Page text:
Closed-back headphones in traffic

So, with no distracting noise coming from outside, there’s no reason to play your music louder than usual. Of course, if you’re used to listening to really loud music, it doesn’t matter what headphones you use; you’ll need to kick this habit.

Open-back headphones could be a better option

As stated earlier, closed-back headphones are safer in noisy environments compared to open-back models because it reduces the surrounding sounds thanks to its design.

But if you exclusively listen to music in a quiet place without ambient noise, open-back headphones are actually a better option.

They are more ventilated which means that you don’t have the same problem with temperature and sweat. But there are also other aspectecs that makes open back headphones the better choice in some cases.

Read more about if and how open-back headphones are better for you ears.

How To Wear Closed-Back Headphones Safely

Although closed-back headphones can potentially damage your ears, you can easily avoid the potential issues. That’s because the way you use them is more important than the type of headphone. Here’s what you can do:

Lower the Volume

As mentioned, closed-back headphones are less dangerous than other types regarding high volumes because they block some of the outside noises that are the main reason people raise the volume. However, prolonged use of headphones can also be harmful even if you listen to lower volumes.

Therefore, it’s better to follow the 60/60 rule; don’t listen to more than 60% of the highest volume for more than 60 minutes. And if you catch yourself listening to higher volumes, reduce the length of time. You could take regular breaks to give your ears time to rest and reduce exposure to high volumes.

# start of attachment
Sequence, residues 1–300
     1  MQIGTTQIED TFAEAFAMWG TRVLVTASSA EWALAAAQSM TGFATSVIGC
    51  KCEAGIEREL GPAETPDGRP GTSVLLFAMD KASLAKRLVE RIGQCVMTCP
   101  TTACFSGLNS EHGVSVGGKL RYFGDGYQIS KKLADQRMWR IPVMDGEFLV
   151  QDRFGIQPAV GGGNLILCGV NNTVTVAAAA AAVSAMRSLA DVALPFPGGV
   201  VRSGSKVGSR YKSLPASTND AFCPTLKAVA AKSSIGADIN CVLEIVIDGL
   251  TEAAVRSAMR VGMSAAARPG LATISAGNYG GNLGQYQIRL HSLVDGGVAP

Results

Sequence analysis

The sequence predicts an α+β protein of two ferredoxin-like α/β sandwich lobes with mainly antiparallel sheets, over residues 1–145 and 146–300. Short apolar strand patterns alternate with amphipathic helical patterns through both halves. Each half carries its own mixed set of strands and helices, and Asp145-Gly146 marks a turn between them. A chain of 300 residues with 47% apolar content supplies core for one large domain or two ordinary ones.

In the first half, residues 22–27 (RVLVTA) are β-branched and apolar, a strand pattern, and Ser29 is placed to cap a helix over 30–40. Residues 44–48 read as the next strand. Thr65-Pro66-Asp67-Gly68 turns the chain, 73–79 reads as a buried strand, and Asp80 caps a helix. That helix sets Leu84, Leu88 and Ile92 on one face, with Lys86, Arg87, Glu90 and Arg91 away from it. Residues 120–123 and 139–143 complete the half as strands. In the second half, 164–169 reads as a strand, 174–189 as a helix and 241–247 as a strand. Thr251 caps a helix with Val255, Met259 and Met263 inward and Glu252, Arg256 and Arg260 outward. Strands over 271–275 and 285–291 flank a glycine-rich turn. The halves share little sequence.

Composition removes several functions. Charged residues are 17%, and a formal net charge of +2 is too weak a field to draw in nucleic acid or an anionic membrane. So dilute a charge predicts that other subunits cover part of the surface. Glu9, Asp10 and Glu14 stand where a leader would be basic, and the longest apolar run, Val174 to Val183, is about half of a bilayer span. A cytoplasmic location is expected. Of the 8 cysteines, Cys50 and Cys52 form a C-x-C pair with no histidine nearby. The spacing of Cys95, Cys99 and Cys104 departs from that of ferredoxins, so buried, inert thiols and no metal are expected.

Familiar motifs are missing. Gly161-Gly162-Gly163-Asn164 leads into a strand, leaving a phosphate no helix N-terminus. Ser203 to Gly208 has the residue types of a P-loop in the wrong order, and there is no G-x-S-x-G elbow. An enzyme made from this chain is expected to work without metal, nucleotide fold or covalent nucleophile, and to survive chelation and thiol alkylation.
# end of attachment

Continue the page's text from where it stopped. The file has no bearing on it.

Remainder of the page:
There are different ways to make sure you’re not listening to high volumes. One of them is to ask other people. If other people can hear your music even when you’re using closed-back headphones, you should lower the volume. 

You could be more specific and make sure you’re listening to a safe decibel range. As a rule of thumb, it’s better to keep your music lower than 85db.

You could use apps that measure the volume and always keep the decibel within the safe range. 

There are lots of free and easy-to-use apps on various platforms and operating systems. These apps limit the duration you listen to music and remind you to take breaks every once in a while. Other apps monitor and limit your sound exposure and tell you if your music listening is safe. 

For example, Decibel X, free for iPhone, is an amazing app that features lots of functions in addition to measuring surrounding sounds’ loudness. You can control sound levels using your Apple Watch and measure sound levels from 30 dBA to 130 dBA. Unfortunately, Android users have to pay for the app. 

Another great app is SPL Meter, which is free for Android. It allows you to measure frequencies between 40 and 120 decibels using its easy-to-navigate and intuitive user interface. SPL Meter is also available for iPhone, but it’s not free.

Maintain Hygiene

To avoid ear infections caused by headphones, never share your headphone with anyone. And if you do, wipe them down with antibacterial gel or rubbing alcohol before wearing them. This way, you’ll reduce the risk of spreading bacteria.

Cleaning headphones

Keep the pads clean and change the rubber or sponge cover regularly. That’s more important when someone uses your headphones.

Alternatively, you could use rubbing alcohol or an antibacterial wipe to disinfect the cups and paddings.   

Final Thoughts

Wearing headphones in, on, or over your ear can damage your hearing because you’re more likely to expose your ears to high sound volumes. However, headphones, especially over-ear types, are less harmful than earphones because they don’t sit directly inside the ear and create a distance between the sound source and the ears.

Closed-back headphones can be less harmful than open-back types because they block some of the outside noise and allow you to lower the volume. This feature is crucial because high volumes are the main cause of damage to ears and hearing loss.